The Ethical and Economic Case for Sweatshop Regulation
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Three types of objections have been raised against sweatshops. According to their critics, sweatshops are (1) exploitative, (2) coercive, and (3) harmful to workers. In “The Ethical and Economic Case Against Sweatshop Labor: A Critical Assessment,” Powell and Zwolinski critique all three objections and thereby offer what is arguably the most powerful defense of sweatshops in the philosophical literature to date. This article demonstrates that, whether or not unregulated sweatshops are exploitative or coercive, they are, pace Powell and Zwolinski, harmful to workers.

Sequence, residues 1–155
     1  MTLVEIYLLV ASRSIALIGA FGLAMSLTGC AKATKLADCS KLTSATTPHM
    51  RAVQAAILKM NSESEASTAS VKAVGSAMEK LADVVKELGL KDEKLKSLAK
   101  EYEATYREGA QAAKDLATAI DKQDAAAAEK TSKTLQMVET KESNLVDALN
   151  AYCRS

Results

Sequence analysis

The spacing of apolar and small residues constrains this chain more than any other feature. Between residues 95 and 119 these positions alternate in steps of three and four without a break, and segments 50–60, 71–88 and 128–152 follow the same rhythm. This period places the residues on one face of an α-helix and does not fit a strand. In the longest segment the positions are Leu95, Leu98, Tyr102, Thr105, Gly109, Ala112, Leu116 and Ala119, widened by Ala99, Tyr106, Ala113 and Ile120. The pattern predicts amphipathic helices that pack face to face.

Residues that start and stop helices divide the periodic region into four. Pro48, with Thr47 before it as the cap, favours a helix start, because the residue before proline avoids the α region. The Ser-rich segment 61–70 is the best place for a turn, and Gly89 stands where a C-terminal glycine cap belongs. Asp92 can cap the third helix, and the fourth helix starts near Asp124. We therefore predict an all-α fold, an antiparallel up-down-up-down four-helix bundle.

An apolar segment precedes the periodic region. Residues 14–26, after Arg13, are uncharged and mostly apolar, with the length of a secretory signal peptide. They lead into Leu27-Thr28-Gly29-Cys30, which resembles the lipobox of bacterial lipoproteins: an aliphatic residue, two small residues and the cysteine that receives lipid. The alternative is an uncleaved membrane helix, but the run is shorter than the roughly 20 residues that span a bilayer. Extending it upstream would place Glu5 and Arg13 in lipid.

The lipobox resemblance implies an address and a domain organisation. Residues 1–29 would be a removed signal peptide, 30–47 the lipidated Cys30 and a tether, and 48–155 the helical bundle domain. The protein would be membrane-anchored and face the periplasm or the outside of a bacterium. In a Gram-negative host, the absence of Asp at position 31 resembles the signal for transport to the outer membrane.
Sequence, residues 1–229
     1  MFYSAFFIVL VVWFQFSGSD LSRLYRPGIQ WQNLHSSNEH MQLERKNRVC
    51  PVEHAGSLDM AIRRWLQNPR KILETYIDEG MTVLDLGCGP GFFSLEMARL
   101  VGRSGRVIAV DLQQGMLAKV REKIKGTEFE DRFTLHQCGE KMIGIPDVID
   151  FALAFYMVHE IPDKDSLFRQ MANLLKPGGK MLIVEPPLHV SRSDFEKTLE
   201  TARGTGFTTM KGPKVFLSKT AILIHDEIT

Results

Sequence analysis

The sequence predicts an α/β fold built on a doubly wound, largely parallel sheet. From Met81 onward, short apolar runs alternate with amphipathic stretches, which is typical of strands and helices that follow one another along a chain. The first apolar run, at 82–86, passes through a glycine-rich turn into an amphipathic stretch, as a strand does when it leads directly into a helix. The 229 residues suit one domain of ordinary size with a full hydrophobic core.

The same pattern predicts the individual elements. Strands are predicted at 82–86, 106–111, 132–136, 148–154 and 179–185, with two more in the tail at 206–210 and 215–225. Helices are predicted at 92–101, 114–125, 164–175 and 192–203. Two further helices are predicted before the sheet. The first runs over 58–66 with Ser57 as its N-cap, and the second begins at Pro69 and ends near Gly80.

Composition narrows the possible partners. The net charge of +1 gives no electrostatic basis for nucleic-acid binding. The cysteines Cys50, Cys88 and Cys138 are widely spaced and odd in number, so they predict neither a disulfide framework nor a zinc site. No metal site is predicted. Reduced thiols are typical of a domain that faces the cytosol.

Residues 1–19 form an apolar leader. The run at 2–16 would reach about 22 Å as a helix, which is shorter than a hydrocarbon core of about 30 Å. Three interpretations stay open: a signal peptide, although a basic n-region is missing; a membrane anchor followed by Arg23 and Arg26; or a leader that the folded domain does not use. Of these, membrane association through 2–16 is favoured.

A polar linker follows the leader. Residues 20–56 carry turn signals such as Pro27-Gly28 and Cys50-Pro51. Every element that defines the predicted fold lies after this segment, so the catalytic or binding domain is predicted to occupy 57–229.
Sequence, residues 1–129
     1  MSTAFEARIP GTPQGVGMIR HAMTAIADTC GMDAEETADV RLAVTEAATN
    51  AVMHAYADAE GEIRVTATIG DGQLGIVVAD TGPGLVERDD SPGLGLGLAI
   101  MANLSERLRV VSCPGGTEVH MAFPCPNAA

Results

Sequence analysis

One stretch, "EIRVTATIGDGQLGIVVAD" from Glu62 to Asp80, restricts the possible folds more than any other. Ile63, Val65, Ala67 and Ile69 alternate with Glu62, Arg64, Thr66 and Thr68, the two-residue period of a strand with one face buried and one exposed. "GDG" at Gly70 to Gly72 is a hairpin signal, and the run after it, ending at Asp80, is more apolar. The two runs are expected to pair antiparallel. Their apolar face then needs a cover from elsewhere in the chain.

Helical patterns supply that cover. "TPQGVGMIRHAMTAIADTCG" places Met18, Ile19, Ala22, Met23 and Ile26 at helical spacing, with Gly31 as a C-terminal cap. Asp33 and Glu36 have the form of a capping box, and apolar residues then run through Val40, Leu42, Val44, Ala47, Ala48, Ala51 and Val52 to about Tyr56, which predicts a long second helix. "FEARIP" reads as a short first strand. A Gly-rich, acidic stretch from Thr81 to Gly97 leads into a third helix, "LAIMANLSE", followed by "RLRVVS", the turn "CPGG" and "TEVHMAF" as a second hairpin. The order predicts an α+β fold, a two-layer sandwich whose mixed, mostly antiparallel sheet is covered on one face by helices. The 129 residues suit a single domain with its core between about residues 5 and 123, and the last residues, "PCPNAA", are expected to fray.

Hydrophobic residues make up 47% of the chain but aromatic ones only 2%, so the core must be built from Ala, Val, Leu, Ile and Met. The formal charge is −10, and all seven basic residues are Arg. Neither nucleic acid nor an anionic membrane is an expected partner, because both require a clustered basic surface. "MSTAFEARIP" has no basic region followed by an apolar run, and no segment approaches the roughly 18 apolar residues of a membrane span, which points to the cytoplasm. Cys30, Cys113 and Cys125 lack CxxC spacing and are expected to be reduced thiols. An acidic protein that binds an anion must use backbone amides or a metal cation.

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- The Ethical and Economic Case for Sweatshop Regulation
Journal of Business Ethics
Volume 117, Issue 3 , pp 553-558
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- Springer Netherlands
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- Minimum wage
- Labor law
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